This past weekend, we went up to Sea Ranch to spend four days at a rental property with family, who had been visiting for my grandmother's birthday celebration. Sabrina and I were very much looking forward to a mini-vacation; we had hired a pet-sitter, cleaned the house, packed our bags, and headed for the coast, ready for some down time.
It was a little more than we bargained for. Throughout the weekend, there were people coming and going, with anywhere from two to six children, ranging in age from two to fourteen. At one point, there were four under the age of eight. Let's just say it was lively, especially for two people who are childless.
But still, we were having a good time. It was great visiting with my sister and brother-in-law from New York, who I had missed a great deal, with their little guy Ty, my special nephew, and spending time with my sister and her three boys from Tennessee. We ate good food, had a gorgeous view of the ocean from our dining room table, and when it got too crazy, I holed up in my room to read or take a nap.
The trip got cut short, though, on Saturday afternoon, when Sabrina stubbed her toe on a coffee table. What? I know, what's the big deal, right? Well, she broke that toe, and she did a doozy on it. It was sticking out at a very weird angle. We ended up helping her out to the truck, and I drove her to Kaiser in Santa Rosa, where x-rays confirmed what we suspected. Today, she had to go in to see a podiatrist, because the toe was not aligned properly, so they had to yank on it to try to get it lined up. She's now in bed, after being in terrible pain all day, barely able to walk with a cane.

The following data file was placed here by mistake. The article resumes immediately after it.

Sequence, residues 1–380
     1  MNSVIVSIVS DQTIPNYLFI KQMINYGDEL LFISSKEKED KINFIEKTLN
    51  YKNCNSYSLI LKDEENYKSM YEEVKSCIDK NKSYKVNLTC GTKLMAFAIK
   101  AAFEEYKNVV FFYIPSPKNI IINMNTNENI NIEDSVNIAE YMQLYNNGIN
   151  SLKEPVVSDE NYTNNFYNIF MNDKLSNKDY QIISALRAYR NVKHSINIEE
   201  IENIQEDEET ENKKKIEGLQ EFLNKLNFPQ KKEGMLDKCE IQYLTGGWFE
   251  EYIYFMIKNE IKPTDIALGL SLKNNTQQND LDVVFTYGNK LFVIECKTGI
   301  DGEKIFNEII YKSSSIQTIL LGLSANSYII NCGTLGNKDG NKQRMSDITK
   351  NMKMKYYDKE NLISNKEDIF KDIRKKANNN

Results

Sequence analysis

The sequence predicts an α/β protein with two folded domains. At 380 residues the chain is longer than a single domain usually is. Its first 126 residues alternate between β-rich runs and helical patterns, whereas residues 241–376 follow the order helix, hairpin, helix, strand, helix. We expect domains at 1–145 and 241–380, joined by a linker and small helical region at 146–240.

Geez. This is getting ridiculous. In the past nine months, we have had a chipped beak (Barney the parrot), lens luxation/sudden onset glaucoma leading to loss of an eye (Houla the dog), thumb surgery to correct arthritis (Sabrina the human), two heart attacks (Barney the parrot), a scratched cornea (Michelle the human), a leg infection leading to hospitalization (Gladys the grandmother), and now a broken toe (Sabrina the human). Each incident above necessitated a trip to the emergency room, either at the veterinary hospital or the human hospital - some of them required more than one trip. (I think there were actually a couple of other incidents, but I can't recall them right at the moment.)
My teacher Tony, upon hearing about the broken toe, said we needed our own MASH unit. I think he's right. Remarkably, throughout all of this, everything has turned out OK. No loss of life, no debilitating damage. My whole family is still in good health, functioning, and doing the best we can to deal with each one of these challenges as they come our way.
Sometimes, in the midst of all this, I bemoan the fact that I have no time to practice Zen. I have had to miss my Tuesday night sitting a number of times, and will have to again tomorrow, as I want to be at home to help Sabrina prepare some dinner after being alone all day while I am at work. Even though I know this is what I must do, part of me chides myself for being a "bad" Zen student for being so caught up in these day-to-day crises. Then I ran across this story:
From "Zen Is Right Here" by Suzuki Roshi:
A woman told Suzuki Roshi she found it difficult to mix Zen practice with the demands of being a housewife. "I feel I am trying to climb a ladder. But for every step upward, I slip backward two steps."
"Forget the ladder," Suzuki told her. "In Zen, everything is right here on the ground."